In some villages in the steep Nepalese mountains, physical disabilities are seen as an inevitable punishment of the gods. These beliefs are the first barrier to integrating children with physical disabilities within their own families and in the community. Their access to care and treatment is limited, as well as to schooling. Today, one million Nepalese suffer from physical disabilities and 30% of these handicaps could be avoided. According to Terre des hommes (Tdh), one external cause promotes the formation of handicaps: malnutrition, brought about by the poverty suffered by so many Nepalese.
Tdh and the national association Friends of the Disabled built a rehabilitation hospital for physically handicapped children in the Banepa region. Since 1993, this medical centre has been enabling youngsters to receive high quality medical treatment adapted to their needs. The centre’s staff also offers social support by helping their families and communities to accept them and to reintegrate them, in school as well. It is a sad fact that 85% of the children looked after in 26 districts of Nepal are excluded from the school system and so from their own peer groups.
Involving the family and the community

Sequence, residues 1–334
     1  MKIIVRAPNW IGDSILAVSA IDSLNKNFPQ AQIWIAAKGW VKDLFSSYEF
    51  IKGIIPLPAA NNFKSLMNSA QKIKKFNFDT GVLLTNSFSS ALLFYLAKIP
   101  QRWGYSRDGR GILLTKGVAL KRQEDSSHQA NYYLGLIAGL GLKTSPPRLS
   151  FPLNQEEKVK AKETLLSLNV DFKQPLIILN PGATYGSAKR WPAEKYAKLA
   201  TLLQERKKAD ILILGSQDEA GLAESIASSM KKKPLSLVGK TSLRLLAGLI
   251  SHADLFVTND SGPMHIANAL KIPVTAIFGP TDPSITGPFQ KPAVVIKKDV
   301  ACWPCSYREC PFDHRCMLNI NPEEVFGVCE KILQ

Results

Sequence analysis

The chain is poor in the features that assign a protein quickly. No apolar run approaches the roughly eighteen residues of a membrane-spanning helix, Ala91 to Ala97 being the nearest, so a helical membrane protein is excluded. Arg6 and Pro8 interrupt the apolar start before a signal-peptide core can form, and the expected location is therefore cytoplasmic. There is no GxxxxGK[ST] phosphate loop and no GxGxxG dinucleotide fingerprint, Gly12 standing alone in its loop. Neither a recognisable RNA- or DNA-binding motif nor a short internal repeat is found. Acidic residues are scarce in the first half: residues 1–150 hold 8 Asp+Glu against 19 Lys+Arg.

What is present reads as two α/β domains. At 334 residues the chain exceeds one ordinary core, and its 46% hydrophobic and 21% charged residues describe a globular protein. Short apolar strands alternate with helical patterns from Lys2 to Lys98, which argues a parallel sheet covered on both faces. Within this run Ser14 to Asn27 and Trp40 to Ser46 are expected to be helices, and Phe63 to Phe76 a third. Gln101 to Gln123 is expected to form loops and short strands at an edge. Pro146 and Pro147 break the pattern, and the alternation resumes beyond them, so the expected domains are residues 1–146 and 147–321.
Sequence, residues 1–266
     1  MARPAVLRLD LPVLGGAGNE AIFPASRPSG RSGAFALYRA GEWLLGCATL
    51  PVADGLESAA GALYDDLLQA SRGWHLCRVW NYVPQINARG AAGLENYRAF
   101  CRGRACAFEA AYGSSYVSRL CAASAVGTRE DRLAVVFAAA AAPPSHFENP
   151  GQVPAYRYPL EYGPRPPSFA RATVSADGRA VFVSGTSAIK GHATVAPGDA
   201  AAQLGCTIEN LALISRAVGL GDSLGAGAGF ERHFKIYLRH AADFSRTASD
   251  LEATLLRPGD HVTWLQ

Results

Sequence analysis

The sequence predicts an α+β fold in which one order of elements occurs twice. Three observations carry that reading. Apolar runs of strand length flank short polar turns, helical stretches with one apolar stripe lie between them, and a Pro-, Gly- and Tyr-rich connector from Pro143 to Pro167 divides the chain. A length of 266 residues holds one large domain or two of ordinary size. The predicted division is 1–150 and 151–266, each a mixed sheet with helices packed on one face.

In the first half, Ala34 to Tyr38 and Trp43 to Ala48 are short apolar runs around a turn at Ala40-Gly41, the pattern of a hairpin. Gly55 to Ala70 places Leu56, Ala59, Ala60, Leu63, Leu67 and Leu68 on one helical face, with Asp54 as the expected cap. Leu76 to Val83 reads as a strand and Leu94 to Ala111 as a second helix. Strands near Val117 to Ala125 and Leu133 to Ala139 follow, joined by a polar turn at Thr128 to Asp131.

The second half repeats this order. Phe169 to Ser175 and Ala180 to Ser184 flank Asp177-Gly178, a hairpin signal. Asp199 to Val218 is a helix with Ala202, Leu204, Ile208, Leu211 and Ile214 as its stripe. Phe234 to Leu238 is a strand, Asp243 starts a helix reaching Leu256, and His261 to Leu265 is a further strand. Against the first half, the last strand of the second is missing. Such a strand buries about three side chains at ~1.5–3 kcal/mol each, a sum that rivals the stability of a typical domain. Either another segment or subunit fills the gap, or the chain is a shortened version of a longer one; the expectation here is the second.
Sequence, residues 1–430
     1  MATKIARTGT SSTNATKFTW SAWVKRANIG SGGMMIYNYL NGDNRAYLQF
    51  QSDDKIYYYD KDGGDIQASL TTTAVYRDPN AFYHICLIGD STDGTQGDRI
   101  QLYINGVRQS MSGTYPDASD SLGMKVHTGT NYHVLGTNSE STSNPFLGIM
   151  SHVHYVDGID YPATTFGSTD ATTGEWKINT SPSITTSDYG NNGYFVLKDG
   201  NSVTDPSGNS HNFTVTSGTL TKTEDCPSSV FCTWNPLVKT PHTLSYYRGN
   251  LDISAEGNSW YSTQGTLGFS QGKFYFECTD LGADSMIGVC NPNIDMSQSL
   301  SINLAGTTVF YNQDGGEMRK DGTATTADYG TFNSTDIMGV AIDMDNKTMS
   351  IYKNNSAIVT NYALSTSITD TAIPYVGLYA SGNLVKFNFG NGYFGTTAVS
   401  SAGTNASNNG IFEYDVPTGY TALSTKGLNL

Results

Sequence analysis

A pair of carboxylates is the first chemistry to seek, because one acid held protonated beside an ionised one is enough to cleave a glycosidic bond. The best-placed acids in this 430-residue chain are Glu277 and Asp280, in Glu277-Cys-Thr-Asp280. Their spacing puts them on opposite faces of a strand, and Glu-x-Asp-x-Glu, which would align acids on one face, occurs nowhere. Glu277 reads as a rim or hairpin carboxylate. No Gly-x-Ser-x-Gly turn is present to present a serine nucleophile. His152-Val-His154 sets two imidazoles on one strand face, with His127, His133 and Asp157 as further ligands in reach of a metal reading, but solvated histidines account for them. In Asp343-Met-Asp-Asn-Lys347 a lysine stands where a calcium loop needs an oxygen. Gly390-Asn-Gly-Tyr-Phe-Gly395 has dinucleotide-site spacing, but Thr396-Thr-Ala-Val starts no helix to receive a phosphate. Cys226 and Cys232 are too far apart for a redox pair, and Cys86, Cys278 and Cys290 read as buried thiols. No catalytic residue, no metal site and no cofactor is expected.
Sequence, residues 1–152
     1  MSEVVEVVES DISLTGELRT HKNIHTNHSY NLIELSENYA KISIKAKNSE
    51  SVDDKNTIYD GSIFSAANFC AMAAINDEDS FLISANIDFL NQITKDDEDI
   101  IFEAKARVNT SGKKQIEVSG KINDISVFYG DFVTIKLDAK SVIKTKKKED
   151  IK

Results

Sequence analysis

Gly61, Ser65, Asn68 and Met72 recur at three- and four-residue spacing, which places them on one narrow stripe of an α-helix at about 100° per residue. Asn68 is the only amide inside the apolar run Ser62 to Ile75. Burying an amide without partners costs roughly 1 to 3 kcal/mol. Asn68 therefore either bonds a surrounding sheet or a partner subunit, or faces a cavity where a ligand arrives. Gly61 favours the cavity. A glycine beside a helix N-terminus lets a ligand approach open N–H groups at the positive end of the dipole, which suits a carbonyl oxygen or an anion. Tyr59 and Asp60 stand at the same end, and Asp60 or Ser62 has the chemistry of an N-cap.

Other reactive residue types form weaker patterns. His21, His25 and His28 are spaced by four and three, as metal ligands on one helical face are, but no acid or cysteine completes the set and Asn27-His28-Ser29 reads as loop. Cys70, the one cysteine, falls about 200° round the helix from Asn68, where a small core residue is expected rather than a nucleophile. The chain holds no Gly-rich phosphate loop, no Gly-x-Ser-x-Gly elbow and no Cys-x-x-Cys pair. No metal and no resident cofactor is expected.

The rehabilitation of disabled children is most effective when the family and the community are involved. The project therefore integrated this family and social dimension into its rehabilitation programme. During the whole of the monitoring time, members of the family and the handicapped youngster are instructed about post-treatment care. Then they are advised on how to adapt their living surroundings to meet the specific needs of the youngster. At the same time the general public is made aware of child rights and of the prevention of handicaps, caused in particular by unsuitable food. Skills and knowledge are in this way transferred from the health centre to the homes and villages where the physically handicapped live. In order to guarantee that treatment is followed and to make sure of correct handling, doctors regularly visit their patients at home.
Widening access to treatment and healthcare
Three outstations of the hospital for the rehabilitation of disabled children have been set up in the Baglung, Banke and Sunsari districts to carry out mainly orthopaedic surgery. The hospital and rehabilitation services have thus improved their access at a regional level. These outstations improve treatment monitoring and the progress of rehabilitation on the one hand, and on the other, facilitate setting up rehabilitation camps in the more remote villages. The involvement of the communities and their awareness to the problems of handicaps has led to an improvement in identifying children and looking after them by the most appropriate services.
Up to date this project has made it possible for 2285 children to benefit from reconstructive surgery, and artificial limbs were fitted to 2300 children. At the end of the project in 2013, more than 17,000 physically disabled youngsters will have benefitted from social rehabilitation services on a community basis through follow-up and home visits, and more than 7000 of them will have received physiotherapy so as to become independent in everyday life. The great majority of these youngsters will be able to be integrated in school more easily, as has already been the case for 3555 children.